Bipolar CHOICE (Clinical Health Outcomes Initiative in Comparative Effectiveness): a pragmatic 6-month trial of lithium versus quetiapine for bipolar disorder.

@article{Nierenberg2016BipolarC,
  title={Bipolar CHOICE (Clinical Health Outcomes Initiative in Comparative Effectiveness): a pragmatic 6-month trial of lithium versus quetiapine for bipolar disorder.},
  author={A. Nierenberg and S. McElroy and E. Friedman and T. Ketter and R. Shelton and T. Deckersbach and M. McInnis and C. Bowden and M. Tohen and J. Kocsis and J. Calabrese and G. Kinrys and W. Bobo and Vivek Singh and M. Kamali and D. Kemp and B. Brody and N. Reilly-Harrington and L. Sylvia and Leah W. Shesler and E. E. Bernstein and D. Schoenfeld and D. Rabideau and A. Leon and S. Faraone and M. Thase},
  journal={The Journal of clinical psychiatry},
  year={2016},
  volume={77 1},
  pages={
          90-9
        }
}
BACKGROUND Bipolar disorder is among the 10 most disabling medical conditions worldwide. While lithium has been used extensively for bipolar disorder since the 1970s, second-generation antipsychotics (SGAs) have supplanted lithium since 1998. To date, no randomized comparative-effectiveness study has compared lithium and any SGA. METHOD Within the duration of the study (September 2010-September 2013), participants with bipolar I or II disorder (DSM-IV-TR) were randomized for 6 months to… Expand

Paper Mentions

Interventional Clinical Trial
The purpose of this study is to compare the effectiveness of lithium and quetiapine for the treatment of individuals with bipolar disorder.  
ConditionsBipolar Disorder
InterventionDrug
Treatment of bipolar disorder: Review of evidence regarding quetiapine and lithium.
TLDR
The Clinical and Health Outcomes Initiative in Comparative Effectiveness for Bipolar Disorder (Bipolar CHOICE) study was the first comparative effectiveness assessment of lithium versus quetiapine (in combination with adjunctive personalized treatment), and found no overall significant differences in efficacy and safety/tolerability outcomes. Expand
Sequential Multiple Assignment Randomized Treatment (SMART) for Bipolar Disorder at Any Phase of Illness and at least Mild Symptom Severity.
TLDR
Adjunctive lamotrigine and quetiapine to either one was well-tolerated and equally effective in reducing bipolar symptomatology, but adjunctive therapy should be initiated as early as possible when depression symptoms are present. Expand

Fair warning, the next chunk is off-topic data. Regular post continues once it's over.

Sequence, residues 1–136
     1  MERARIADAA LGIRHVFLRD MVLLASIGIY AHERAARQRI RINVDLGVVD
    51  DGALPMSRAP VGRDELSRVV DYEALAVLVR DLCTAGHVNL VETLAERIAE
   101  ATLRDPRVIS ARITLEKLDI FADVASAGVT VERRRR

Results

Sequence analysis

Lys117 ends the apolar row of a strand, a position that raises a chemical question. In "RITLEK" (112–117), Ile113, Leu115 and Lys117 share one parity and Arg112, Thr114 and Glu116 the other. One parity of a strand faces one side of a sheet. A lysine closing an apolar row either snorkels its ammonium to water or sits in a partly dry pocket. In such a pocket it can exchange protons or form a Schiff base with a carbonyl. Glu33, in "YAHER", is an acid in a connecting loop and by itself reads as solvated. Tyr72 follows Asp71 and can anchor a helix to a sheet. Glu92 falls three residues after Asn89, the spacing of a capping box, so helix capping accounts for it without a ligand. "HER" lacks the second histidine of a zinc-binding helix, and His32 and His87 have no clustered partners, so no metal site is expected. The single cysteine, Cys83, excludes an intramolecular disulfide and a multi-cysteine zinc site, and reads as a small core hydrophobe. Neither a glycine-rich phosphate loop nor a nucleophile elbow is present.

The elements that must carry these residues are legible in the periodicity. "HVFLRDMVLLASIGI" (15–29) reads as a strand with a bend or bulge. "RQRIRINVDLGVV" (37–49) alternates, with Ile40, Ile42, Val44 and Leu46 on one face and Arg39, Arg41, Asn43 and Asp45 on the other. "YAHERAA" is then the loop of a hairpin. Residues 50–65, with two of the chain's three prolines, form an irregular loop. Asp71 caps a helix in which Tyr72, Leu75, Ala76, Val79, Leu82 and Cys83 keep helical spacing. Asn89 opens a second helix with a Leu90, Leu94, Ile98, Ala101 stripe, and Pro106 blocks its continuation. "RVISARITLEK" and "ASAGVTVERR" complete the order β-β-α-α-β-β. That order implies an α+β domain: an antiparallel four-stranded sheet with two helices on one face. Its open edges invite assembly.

Sleep disturbance may impact treatment outcome in bipolar disorder: A preliminary investigation in the context of a large comparative effectiveness trial.
TLDR
Baseline sleep disturbance was associated with more severe bipolar symptoms and worse 6-month outcomes in a randomized effectiveness trial of quetiapine and lithium. Expand
A Pilot Study of the Effectiveness of Lithium Versus Quetiapine Immediate Release Monotherapy in Patients With Bipolar Spectrum Disorders
TLDR
The difference in effectiveness between lithium and quetiapine IR monotherapy in a real-world bipolar population was minimal and large-sample studies are needed to support or refute this finding. Expand
Treatment of Bipolar Disorder in a Lifetime Perspective: Is Lithium Still the Best Choice?
TLDR
The available evidence indicates that bipolar disorder patients should be treated primarily with lithium, combined in some cases with antipsychotics especially in acute treatments, and sometimes, because of intolerance or inefficacy of lithium, with anticonvulsants. Expand
Efficacy and Effectiveness of Lithium in the Long-Term Treatment of Bipolar Disorders: An Update 2018.
TLDR
Lithium should be using lithium more regularly right from the start for the acute treatment of a manic episode and, once remission has been achieved and euthymia maintained during continuation treatment, to regularly taper off the atypical antipsychotic, if possible, and continue with lithium as monotherapy for prophylactic treatment. Expand
A Systematic Review of Complex Polypharmacy in Bipolar Disorder: Prevalence, Clinical Features, Adherence, and Preliminary Recommendations for Practitioners.
TLDR
Extensive or complex combination pharmacotherapy regimens are common in many patients with bipolar disorder and often reflect greater overall illness severity, suggesting likely confounding by indication, high severity, or comorbid conditions. Expand
Advances in the psychopharmacotherapy of bipolar disorder type I
TLDR
Recent effectiveness studies continue to confirm the superiority of lithium and other mood stabilizers in the management of bipolar illness for both psychiatric and medical outcomes, reaffirming their role as foundational treatments in the Management of type I bipolar disorder. Expand
Comorbid anxiety in bipolar CHOICE: Insights from the bipolar inventory of symptoms scale.
TLDR
Given its ability to identify patients with co-occurring anxiety, the BISS anxiety subscale shows clinical utility as a screening measure though its application as a clinical assessment measure may not be advisable. Expand
Challenging the Negative Perception of Lithium and Optimizing Its Long-Term Administration
TLDR
The negative perception of lithium by some clinicians will be challenged and data showing lithium superiority over other MS will be presented, and the lithium-induced side effects which can make a challenge for a more frequent application of this drug will be delineated, and their proper management described. Expand
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